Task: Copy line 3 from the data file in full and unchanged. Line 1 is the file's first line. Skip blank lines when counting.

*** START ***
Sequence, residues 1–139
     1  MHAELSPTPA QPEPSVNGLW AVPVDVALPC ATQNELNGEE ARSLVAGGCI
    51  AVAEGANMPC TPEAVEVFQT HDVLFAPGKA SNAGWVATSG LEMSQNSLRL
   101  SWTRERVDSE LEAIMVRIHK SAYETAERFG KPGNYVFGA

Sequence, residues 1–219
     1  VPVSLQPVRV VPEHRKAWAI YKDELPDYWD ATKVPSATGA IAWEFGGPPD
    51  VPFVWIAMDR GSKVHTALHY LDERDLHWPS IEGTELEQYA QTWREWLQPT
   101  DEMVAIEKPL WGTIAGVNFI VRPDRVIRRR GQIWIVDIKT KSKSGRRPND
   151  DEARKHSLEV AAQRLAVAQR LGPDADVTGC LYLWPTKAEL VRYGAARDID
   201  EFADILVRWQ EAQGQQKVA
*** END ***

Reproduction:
    51  AVAEGANMPC TPEAVEVFQT HDVLFAPGKA SNAGWVATSG LEMSQNSLRL